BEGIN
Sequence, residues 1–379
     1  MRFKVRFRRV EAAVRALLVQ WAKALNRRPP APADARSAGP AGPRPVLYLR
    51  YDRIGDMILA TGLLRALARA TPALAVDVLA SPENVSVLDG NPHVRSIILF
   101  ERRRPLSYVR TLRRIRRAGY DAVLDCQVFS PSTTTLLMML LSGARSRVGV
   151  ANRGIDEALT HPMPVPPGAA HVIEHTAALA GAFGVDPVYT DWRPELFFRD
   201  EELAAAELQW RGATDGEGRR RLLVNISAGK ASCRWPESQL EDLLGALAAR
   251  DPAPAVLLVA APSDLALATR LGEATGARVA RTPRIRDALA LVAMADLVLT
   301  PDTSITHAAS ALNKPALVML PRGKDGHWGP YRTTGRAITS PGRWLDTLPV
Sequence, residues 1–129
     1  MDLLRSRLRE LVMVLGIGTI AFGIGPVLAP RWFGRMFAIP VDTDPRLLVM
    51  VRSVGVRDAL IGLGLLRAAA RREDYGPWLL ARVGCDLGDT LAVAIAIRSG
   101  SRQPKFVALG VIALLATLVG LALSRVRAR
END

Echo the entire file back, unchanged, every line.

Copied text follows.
Sequence, residues 1–379
     1  MRFKVRFRRV EAAVRALLVQ WAKALNRRPP APADARSAGP AGPRPVLYLR
    51  YDRIGDMILA TGLLRALARA TPALAVDVLA SPENVSVLDG NPHVRSIILF
   101  ERRRPLSYVR TLRRIRRAGY DAVLDCQVFS PSTTTLLMML LSGARSRVGV
   151  ANRGIDEALT HPMPVPPGAA HVIEHTAALA GAFGVDPVYT DWRPELFFRD
   201  EELAAAELQW RGATDGEGRR RLLVNISAGK ASCRWPESQL EDLLGALAAR
   251  DPAPAVLLVA APSDLALATR LGEATGARVA RTPRIRDALA LVAMADLVLT
   301  PDTSITHAAS ALNKPALVML PRGKDGHWGP YRTTGRAITS PGRWLDTLPV
Sequence, residues 1–129
     1  MDLLRSRLRE LVMVLGIGTI AFGIGPVLAP RWFGRMFAIP VDTDPRLLVM
    51  VRSVGVRDAL IGLGLLRAAA RREDYGPWLL ARVGCDLGDT LAVAIAIRSG
   101  SRQPKFVALG VIALLATLVG LALSRVRAR